Every January, a special pastry called Galettes des Rois appears in Quebec City's grocery stores. It marks the time for Epiphany, the date that traditionally signifies the wise men's arrival in Bethlehem. In each is hidden a half-inch plastic figurine of a king. Its lucky finder is crowned sovereign ruler for the day. This celebration also marks the official end of the Christmas season.

I delight in the children's suspense and the party spirit of the day. But it seems odd to me that so little time that day, or throughout the holiday season, is given to remembering another man, one present from before Jesus' first breath.

The Gospels reveal little of Joseph of Nazareth. As far as we know, he never sang anything resembling Mary's Magnificat. Unlike Zechariah, he never remonstrated with an angel. Compared to Mary and Zechariah—and to the Magi who are remembered, at least in some churches, on Epiphany—Joseph appears all but forgotten, his actions mentioned, seemingly, only in passing.

Even at the Temple, where Joseph and Mary go together to present the newborn Jesus, Mary is the center of attention, the old man's words for her alone. "Then Simeon blessed them, and said to Mary … 'This child is destined to cause the falling and rising of many in Israel … And a sword will pierce your own soul too' " (Luke 2:34-35).

Was Simeon implying that Joseph would somehow be spared the sword? Was he, indirectly, predicting a premature death for Joseph? Perhaps. Or is it that Simeon knew Joseph's soul was already all too familiar with the blade? Even today, some people would shake their heads in disapproval at a cuckolded husband-to-be willing to raise, as his own, the proof of what would look like infidelity. It's not a stretch to think this is the very thing the angel tells Joseph not to fear (1:20).

Instead of protecting himself, however, Joseph accepted this kind of sword and, through marriage, protected Mary. Later on, when told to move his family to Egypt to safeguard the child from Herod's murderous paranoia, he immediately abandoned any plans to return to his hometown, his house, friends, and professional reputation. How much easier it might have seemed to keep silent about the dream and let Herod rid him of a family embarrassment.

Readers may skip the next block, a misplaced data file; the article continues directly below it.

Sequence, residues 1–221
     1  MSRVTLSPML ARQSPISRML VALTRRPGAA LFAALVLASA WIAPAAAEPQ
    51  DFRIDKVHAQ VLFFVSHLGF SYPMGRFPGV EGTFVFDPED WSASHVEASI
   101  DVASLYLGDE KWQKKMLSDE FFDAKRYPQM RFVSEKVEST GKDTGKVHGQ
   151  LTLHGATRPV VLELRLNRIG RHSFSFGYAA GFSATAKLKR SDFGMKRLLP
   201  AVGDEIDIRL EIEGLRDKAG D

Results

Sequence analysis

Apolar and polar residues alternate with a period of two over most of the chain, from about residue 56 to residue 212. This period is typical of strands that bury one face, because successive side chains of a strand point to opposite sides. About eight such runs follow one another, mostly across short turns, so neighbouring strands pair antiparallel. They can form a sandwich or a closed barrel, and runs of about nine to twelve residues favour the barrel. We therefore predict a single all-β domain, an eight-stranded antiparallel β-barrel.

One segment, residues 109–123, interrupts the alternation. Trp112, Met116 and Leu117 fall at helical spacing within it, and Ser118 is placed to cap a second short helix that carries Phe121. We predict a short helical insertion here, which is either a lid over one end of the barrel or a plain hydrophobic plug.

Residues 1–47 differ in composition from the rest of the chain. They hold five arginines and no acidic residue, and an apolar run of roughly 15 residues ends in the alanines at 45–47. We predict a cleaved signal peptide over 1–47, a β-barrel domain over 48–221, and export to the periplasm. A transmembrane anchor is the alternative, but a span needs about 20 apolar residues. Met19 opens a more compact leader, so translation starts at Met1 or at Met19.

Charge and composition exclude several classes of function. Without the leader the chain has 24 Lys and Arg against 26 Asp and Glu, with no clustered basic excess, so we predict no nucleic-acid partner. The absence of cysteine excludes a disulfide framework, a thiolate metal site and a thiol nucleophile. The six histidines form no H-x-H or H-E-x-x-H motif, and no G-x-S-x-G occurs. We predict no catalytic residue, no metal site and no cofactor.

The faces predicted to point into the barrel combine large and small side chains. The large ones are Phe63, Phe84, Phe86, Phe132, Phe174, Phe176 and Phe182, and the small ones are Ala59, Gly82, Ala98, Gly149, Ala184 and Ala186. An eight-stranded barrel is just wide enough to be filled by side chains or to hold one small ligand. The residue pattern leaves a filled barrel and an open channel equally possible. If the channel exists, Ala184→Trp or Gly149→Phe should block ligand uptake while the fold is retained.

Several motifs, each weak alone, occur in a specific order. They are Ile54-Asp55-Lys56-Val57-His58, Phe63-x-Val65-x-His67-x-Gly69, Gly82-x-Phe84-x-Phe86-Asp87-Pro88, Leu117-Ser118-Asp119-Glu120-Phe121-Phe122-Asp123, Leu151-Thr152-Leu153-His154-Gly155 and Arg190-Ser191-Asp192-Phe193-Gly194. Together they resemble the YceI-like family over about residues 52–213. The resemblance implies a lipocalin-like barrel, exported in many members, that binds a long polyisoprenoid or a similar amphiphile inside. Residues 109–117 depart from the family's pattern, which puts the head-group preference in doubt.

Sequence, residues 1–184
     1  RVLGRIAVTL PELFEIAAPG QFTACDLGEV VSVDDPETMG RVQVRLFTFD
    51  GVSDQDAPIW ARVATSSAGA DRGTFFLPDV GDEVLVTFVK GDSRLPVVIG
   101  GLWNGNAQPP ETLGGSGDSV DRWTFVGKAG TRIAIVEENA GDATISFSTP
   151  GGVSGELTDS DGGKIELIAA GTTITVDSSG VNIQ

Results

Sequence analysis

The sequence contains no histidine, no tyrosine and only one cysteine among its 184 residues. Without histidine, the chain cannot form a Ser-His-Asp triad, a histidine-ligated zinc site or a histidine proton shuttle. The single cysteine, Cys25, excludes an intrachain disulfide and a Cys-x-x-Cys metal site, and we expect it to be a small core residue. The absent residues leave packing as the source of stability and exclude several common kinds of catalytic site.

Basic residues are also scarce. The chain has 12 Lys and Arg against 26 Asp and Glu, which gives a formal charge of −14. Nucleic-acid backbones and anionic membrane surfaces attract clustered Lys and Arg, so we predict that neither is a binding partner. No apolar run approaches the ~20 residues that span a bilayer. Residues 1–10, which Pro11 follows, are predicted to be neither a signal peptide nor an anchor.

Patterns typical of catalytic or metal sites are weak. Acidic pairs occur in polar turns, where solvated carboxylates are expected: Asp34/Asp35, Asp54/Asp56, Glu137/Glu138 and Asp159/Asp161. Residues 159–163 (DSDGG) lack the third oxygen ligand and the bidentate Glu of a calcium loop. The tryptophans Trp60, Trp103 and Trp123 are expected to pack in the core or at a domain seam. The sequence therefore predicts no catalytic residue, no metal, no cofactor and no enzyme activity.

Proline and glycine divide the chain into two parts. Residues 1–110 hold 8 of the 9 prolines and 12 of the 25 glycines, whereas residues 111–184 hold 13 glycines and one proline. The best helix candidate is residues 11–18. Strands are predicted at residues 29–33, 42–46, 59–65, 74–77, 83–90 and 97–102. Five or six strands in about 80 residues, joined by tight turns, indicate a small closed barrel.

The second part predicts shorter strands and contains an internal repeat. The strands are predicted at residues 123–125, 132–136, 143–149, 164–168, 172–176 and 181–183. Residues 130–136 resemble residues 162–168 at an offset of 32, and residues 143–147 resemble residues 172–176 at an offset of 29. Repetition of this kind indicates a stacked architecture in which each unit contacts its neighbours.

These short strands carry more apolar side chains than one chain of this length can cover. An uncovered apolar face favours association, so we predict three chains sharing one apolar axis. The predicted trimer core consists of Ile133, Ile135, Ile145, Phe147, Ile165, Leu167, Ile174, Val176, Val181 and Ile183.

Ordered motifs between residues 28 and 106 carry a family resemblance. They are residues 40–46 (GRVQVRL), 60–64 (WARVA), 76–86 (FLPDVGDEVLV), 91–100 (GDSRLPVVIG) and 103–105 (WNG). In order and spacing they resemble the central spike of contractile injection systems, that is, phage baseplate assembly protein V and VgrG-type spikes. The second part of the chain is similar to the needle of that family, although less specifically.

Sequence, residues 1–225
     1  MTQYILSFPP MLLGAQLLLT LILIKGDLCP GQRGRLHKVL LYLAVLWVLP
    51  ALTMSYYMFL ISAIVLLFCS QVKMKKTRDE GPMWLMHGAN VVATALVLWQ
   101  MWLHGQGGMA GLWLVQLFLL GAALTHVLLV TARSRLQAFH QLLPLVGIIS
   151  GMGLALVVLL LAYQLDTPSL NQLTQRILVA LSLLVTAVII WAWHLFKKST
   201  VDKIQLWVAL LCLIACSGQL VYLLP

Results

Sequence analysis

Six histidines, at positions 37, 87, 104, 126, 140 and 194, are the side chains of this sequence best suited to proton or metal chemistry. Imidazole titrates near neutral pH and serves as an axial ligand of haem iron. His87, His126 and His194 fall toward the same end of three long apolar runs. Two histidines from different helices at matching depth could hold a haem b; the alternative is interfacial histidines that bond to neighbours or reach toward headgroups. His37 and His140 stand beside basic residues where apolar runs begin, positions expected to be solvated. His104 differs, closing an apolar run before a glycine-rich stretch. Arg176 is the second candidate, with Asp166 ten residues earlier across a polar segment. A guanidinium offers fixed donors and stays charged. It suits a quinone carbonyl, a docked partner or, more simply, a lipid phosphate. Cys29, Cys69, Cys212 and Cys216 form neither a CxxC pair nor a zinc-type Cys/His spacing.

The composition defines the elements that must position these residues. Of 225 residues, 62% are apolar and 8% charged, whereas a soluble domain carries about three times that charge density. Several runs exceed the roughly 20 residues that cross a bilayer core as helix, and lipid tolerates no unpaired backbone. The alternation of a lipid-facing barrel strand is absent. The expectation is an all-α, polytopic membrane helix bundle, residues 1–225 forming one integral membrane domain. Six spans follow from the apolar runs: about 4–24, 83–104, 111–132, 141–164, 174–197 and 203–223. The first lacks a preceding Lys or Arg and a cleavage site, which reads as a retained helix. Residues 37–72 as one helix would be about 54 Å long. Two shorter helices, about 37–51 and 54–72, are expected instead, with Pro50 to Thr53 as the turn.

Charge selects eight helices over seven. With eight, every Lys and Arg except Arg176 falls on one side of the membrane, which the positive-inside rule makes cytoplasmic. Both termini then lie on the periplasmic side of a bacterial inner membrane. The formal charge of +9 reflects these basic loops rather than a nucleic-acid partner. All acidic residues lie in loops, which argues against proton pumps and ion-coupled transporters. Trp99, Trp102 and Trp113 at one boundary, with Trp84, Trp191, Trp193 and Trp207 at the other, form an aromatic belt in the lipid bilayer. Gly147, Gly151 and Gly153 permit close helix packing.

If none of Joseph's words are recorded, perhaps it's simply because he rarely spoke. What could he have said, in any case, to erase the disdain from the eyes and lips of the townspeople—to stop the whispers and laughter he had to pretend not to hear as he went about his work? The Bible gives us very little access to Joseph's inner world. Did his neighbors' incredulity spark doubts in him? Despite the angelic visitations in his dreams, he could never know for sure this baby was of divine origin—not in the same way Mary knew for sure. Be that as it may, Joseph continued to shield and provide for Mary and her son, for Jesus "grew and became strong; he was filled with wisdom, and the grace of God was on him" (Luke 2:40).

If Joseph didn't speak much, I suspect he prayed a great deal—conceivably prayers like this: "My Father, if it is possible, may this cup be taken from me. Yet not as I will, but as you will."

Jesus' prayer in Gethsemane is as gut-wrenching in its longing and pain as it is simple in its wording. We know that Jesus was obedient to the end, but his prayer suggests his obedience did not come easily. Hebrews 5:8 confirms this, saying that even Jesus had to learn obedience in spite of the shame he suffered.

But who modeled it for him? The obvious answer is that his heavenly father was the primary and perfect source of all learning and that Mary taught him a lot. But I can't help wondering if Jesus didn't also glean from the example of Joseph, his earthly father, who, rather than cling to a lesser plan of his own devising, lived his whole life in affirmation of a greater plan—however fleetingly glimpsed and incomprehensible.

To be sure, to try to discern what is going on behind the text of Scripture can be an uncertain exegetical path. But this January, as I savor my Epiphany cake and set a cardboard crown on one of my children's heads, I will not only again commemorate the Magi, but also Joseph. I will be reminded that faithfully following the path set before you in a dream rarely makes you popular with your peers.

I will also remember that God used shameful circumstances to call Joseph. Far from being an obstacle, they were the very context in which God invited him to live out his calling. Desiring to follow in Joseph's footsteps, I will seek to live out God's calling for me, even when my role appears hidden and commonplace—believing that his is the greater, and better, story.

Kathy Berklund-Pagé is a freelance writer and, with her husband Ron, a community leader with the Navigators.

Related Elsewhere:

The Christian Classics Ethereal Library has commentary on the second chapter of Matthew from Thomas Aquinas, John Nelson Darby, Matthew Henry and more.

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